What process do you follow?

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14 answers

Ah, what a perfect opportunity for me to answer this, having started a new job just a week back.

The best way is obviously to dive in to code. Pick out a part of the application that you think you understand the most and trace the code by inserting logs (or breakpoints) to get a grip of the coding pattern. Then, build a similar feature or a solve a bug in the part of the code that you understood. Once your first PR gets merged, you will be touching all parts of the code very very soon.

Happy coding! I am still in the process of shipping out my first feature, I'll keep you posted on how it works out for me. :)


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  1. Checking readme.md
  2. If there are no readme or no useful info about the architecture/tech stack/etc - read diagrams
  3. If there are no diagrams - check docs/wiki
  4. If there are no docs/wiki - figure out which framework it uses (usually at least this info you can get by asking a simple question) and read it docs if needed
  5. If there is another custom framework or even 2 custom frameworks and 2 custom ORMs in the same codebase (I really have seen such 10years old project) - plan your exit strategy (how/when you will leave team/company and give that s-y codebase to someone else with a maximum profit to yourself)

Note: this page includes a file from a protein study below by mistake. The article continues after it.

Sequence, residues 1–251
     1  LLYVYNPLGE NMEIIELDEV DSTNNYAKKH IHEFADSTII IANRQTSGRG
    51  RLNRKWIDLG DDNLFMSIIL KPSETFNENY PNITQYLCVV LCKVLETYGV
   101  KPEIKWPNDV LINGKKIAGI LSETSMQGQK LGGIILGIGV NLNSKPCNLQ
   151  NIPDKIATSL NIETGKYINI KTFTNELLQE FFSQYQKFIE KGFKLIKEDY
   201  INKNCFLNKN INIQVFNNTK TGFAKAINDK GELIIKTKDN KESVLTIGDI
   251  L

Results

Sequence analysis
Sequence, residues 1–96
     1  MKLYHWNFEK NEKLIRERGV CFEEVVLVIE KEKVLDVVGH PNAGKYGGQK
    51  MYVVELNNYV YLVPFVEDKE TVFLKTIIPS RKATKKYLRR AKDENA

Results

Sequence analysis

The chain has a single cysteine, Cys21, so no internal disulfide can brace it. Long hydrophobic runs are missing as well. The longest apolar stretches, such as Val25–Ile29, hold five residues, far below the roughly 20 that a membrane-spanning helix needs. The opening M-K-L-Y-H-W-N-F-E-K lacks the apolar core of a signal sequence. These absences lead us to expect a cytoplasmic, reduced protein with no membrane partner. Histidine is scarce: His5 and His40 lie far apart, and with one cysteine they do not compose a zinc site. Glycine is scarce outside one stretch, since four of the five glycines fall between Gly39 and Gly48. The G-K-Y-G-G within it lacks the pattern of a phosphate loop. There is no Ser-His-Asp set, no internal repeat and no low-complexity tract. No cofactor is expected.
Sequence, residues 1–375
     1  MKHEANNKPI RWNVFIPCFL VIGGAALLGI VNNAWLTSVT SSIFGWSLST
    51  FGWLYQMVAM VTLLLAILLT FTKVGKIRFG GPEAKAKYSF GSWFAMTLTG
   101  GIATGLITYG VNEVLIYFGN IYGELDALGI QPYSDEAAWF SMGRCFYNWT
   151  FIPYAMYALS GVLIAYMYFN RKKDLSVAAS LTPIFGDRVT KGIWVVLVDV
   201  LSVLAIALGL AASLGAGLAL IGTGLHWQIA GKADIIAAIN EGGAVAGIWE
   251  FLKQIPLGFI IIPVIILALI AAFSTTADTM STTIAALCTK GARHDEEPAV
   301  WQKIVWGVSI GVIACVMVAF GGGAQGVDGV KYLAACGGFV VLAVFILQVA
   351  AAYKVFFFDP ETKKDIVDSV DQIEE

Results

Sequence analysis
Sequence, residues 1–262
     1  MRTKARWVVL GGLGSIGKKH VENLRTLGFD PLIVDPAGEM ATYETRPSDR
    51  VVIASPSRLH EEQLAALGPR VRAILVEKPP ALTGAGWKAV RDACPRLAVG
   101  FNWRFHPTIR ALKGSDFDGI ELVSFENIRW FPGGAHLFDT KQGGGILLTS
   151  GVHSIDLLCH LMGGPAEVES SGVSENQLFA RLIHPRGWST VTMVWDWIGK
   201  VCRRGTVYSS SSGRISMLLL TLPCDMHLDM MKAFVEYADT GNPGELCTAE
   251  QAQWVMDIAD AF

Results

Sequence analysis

6. If you have no choice - find a place where you wouldn't be able to hurt anyone, play relaxing music and read the codebase folder by folder like a Bible and may the dark side be with you.

P.S. in your own life you always have a choice and an option to find a better place.

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@danfromisrael this is exactly how you should work on any project. If there is no documentation, start writing at least small notes to yourself. At the end make sure your team contributes and everyone uses it. Problem, however, is that in a typical business you won't have much time for writing good documentation. managers consider it as a time and money waste for company.

At the end when you can choose and your time become expensive you can find a better place/project.

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I usually dive right in. I'd ask for specific bugs I could go hunt down and fix. This is the first step (at least for me it is) in figuring out what is going on in the codel

Sometimes I open up a new text file and write down the execution path (who calls what and who constructs what) in pseudo-code. This is especially useful if the code is too difficult to follow or has too much stuff going on.

  • Try to find out what the code is supposed to do.
  • No matter how bad is the documentation will go through all them if exists.
  • Talk to anyone who might know something about the code.
  • Step through the code in the debugger.
  • Introduce small changes and see what breaks.
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